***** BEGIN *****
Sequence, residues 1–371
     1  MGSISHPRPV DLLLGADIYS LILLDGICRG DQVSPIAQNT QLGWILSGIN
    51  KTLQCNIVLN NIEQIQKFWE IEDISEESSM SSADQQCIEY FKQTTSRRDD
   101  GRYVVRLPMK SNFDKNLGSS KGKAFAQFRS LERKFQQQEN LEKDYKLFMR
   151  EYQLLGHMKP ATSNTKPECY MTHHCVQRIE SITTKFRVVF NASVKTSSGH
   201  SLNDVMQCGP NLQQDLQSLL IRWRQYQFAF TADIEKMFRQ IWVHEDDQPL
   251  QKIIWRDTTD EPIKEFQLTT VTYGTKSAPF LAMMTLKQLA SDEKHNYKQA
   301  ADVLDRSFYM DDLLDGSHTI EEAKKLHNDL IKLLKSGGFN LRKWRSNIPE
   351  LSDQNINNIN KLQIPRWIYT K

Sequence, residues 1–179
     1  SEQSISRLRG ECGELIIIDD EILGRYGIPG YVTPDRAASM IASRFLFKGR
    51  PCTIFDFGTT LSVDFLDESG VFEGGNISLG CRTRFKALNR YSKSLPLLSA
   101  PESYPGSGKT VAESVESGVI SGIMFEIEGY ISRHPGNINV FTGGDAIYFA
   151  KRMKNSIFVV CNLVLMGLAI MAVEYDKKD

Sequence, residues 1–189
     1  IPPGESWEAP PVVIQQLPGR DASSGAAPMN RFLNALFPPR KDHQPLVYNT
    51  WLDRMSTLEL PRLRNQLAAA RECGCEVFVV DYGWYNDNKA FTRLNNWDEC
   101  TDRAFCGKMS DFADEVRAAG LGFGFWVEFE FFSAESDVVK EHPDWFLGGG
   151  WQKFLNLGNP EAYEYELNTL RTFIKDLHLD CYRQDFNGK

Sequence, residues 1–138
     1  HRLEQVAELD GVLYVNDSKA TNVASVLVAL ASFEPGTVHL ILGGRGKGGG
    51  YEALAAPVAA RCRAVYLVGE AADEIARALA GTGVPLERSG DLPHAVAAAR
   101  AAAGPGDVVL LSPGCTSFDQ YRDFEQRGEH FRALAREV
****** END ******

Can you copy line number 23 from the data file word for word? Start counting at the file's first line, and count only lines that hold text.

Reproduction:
   101  AAAGPGDVVL LSPGCTSFDQ YRDFEQRGEH FRALAREV